only the most affluent classes. But as prices fall, establishments of this type multiplied and
events replaced cafes, tea rooms, and pubs.

Source: https://www.willies cacao.com/ world-cacao/ history-of-chocolate/

1671: The Origins of the “Praliné"

 

Praline may have originally been discovered in France and an accident/the work of chef Clement Lassagne, a chef who worked for Marshal du Plessis-Praslin (1598–1675) and named in his honour. The Duke of Plessis-Praslin’s chief cook accidentally spilled boiling-hot melted sugar on ground almonds.

Delighted by this, the Duke named his creation ‘Praslin’, thus The Praliné was born. A few centuries later, Belgian chocolatiers improved on this recipe by coating the mixed, caramel-covered nuts in chocolate shells, giving rise to the Belgian chocolate praline.

Source: https://www.coeurde xocolat. com/ the-history -of-pralines

1674: The First Cooking Chocolate

 

Whilst chocolate was still only a drink throughout Europe, English confectioners had the
the idea of adding cocoa to their cake mix, creating the first chocolate cakes and baked goods.

Source: https://en. wikipedia. org/wiki /Chocolate _cake

1697: From Brussels to Zurich

 

The future Belgium is already a reputed chocolate center. It was at the Grand-Place in
Brussels that the Mayor of Zurich discovered chocolate and decided to introduce it to
Switzerland. An initiative that had delicious consequences.

1712: Chocolate Returns to America

 

At the turn of the 18" century, chocolate returned to America, but only to the North. In little more than a decade, advertising in Boston for imported Europe chocolate was flourishing.

Source: https://en.wiki pedia.org/wiki/ File:Bakers Cocoa.JPG

1778: Chocolate Revolutionizes

 

The industrial revolution mechanized chocolate making and brought the price within the public's reach.

Source: http://explore pahistory.com/ displayimage.php ?imgId=1-2-127F

1778: Cocoa Production in Indonesia

 

It begins with The Dutch bringing cocoa from the Philippines to Jakarta and Sumatra, where they established a propagation facility that soon lead to major production in the Dutch East Indies (now Indonesia and Malaysia).

Source:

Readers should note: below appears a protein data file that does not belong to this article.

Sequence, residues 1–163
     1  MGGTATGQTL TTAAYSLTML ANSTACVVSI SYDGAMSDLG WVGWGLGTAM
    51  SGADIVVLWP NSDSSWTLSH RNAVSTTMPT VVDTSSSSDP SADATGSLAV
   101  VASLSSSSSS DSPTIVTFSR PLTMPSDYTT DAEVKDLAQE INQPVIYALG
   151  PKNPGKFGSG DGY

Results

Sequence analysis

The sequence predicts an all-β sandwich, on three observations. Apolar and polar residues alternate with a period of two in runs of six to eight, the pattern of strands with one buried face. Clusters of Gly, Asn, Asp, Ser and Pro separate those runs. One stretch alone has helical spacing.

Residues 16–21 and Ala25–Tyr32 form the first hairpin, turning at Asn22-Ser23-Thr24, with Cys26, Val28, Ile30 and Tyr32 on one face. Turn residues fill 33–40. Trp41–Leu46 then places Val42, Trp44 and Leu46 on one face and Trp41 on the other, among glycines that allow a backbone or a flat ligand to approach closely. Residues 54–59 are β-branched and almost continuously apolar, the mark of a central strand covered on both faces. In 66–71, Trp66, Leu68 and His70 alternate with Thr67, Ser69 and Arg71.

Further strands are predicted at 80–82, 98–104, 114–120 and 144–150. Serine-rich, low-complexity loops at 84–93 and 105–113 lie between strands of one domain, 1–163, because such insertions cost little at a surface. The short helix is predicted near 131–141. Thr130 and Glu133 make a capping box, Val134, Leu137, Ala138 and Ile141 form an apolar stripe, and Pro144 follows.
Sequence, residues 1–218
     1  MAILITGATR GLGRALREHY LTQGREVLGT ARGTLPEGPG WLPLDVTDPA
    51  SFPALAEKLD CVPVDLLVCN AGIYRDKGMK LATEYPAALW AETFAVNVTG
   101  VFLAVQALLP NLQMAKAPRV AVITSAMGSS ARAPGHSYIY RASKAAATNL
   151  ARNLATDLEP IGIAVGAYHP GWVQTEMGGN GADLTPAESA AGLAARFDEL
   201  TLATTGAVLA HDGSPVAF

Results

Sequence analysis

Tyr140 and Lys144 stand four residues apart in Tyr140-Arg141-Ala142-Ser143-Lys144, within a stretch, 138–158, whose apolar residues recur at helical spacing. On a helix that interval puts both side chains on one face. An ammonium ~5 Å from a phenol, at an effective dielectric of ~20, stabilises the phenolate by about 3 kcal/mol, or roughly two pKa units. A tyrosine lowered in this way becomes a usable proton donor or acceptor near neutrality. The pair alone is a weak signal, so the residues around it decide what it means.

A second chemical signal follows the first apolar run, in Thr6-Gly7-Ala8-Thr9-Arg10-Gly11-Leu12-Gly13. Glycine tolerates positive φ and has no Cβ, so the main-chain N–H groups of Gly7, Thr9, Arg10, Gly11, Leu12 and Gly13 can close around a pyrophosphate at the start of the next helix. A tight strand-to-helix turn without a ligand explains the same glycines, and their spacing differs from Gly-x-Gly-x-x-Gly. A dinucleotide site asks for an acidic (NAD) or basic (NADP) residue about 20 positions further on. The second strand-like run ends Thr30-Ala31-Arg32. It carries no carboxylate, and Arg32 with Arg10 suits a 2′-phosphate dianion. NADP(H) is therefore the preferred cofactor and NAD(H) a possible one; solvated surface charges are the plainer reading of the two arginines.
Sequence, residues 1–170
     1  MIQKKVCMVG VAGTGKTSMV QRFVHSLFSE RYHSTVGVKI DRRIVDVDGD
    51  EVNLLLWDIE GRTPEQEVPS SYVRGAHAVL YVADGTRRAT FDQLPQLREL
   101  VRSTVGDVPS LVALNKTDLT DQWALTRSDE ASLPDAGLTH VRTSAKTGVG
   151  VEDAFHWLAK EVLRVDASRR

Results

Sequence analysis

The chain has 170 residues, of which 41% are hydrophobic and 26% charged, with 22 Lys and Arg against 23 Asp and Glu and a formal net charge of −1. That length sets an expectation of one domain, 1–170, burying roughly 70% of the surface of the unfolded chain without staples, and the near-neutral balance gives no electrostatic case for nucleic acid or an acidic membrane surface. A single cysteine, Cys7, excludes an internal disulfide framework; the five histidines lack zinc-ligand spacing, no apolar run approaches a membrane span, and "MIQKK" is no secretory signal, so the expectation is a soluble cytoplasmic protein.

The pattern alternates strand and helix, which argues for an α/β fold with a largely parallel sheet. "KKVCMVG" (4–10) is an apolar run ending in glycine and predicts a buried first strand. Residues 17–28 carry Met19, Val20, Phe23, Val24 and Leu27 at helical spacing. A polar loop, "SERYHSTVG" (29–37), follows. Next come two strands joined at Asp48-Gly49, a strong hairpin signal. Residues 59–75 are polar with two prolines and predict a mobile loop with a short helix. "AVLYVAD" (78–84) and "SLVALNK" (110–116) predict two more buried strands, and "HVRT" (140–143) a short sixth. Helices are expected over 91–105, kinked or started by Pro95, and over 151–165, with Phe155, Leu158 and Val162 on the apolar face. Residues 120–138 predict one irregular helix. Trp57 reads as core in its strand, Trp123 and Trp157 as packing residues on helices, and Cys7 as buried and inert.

• https://www.gutenberg .org/files/ 19073/19073-h /19073-h .htm
  • https://commons. wikimedia.org/wiki/ File:Cacao_ fermenting_boxes_ in_Java._From _the_last_box_ the_beans_are_ shovelled_into_the_ washing_basin._ Reproduced_from_ van_Hall%27s_Cocoa ,_by_permission_ of_Messrs._ Macmillan_ %26_Co._In_ Cocoa_and_ Chocolate,_ by_Arthur_ W._Knapp ,.jpg

1828: The Creation of Cocoa Powder

 

Conrad Van Houten, a Dutch chemist, learned to press cocoa butter out of cocoa liquor. This allowed the production of cocoa powder and cocoa butter. The Van Houten cocoa powder is famous until today.

Source: https://en.wiki pedia.org/wiki/ Coenraad_Johannes _van_Houten

1848: Eating Chocolate

 

The introduction of cocoa powder not only made creating chocolate drinks much easier but also later made it possible to combine chocolate with sugar and then remix it with cocoa butter to create solid chocolate. Others began to build on Van Houten's success, experimenting to make new chocolate products.

Source: https://madeup inbritain.uk /Chocolate_Bar

1849: Chocolate Bars

 

The English manufacturer J.S. Fry and Sons used cocoa powder to create the first successful mass-produced chocolate bars

Source: https://chocolateclass. wordpress.com/tag /industrial -revolution/

1850-1860: Cocoa Tree Enemy

 

The cocoa pod borer (a moth whose larvae infest the cocoa fruit) emerged in the Indonesian archipelago. Established plantations were ruined and production was driven even further into previously undisturbed forests. The borer remains cocoa's most feared insect pest.

Source: https://distanpangan. baliprov.go.id/ mengenal-hama- penghisap-buah- kakao-helopelthis-sp/ 

1875: The First Milk Chocolate Bar

Daniel Peter & Henri Nestle combined chocolate and milk powder to create the first milk chocolate bar. It’s an instant commercial success.

Source:

  • https://en. wikipedia.org /wiki/Henri_ Nestl%C3%A9
  • https://en. wikipedia.org /wiki/ Daniel_Peter

1879: Conching Chocolate

 

Rodolphe Lindt produced chocolate that melts on the tongue by developing the "conching" process that gives the chocolate a smoother and more enjoyable taste. The same year, cocoa was successfully introduced to the African mainland Gold Coast (now Ghana).

Source: https://www.willies cacao.com/ world-cacao/ history-of-chocolate/

1912: Chocolate Praline Creations

 

Jean Neuhaus invented a chocolate shell that could be filled with cream or nut pastes. The
Belgium pralines were born. In Belgium, chocolate has been considered as a present from its earliest days something to give or to receive. No wonder pralines, one of the most popular presents, is a Belgian invention.

Source: https://treatwell. caobisco.eu/neuhaus- inventor-of-the- praline-and- the-ballotin/

2005: The Creation of Chocolate Monggo

 

This adventure began in Yogyakarta in 2001 when a Belgian man arrived in Indonesia without a plan in mind. Missing the taste of good Belgian chocolate, this man decided to make some specialties from his home country.

In 2005 Chocolate Monggo was founded and began producing chocolate pralines and chocolate bars in Indonesia. Monggo continues to develop more variants of chocolate products by combining the finest taste of Belgian chocolate and the finest Indonesian ingredients!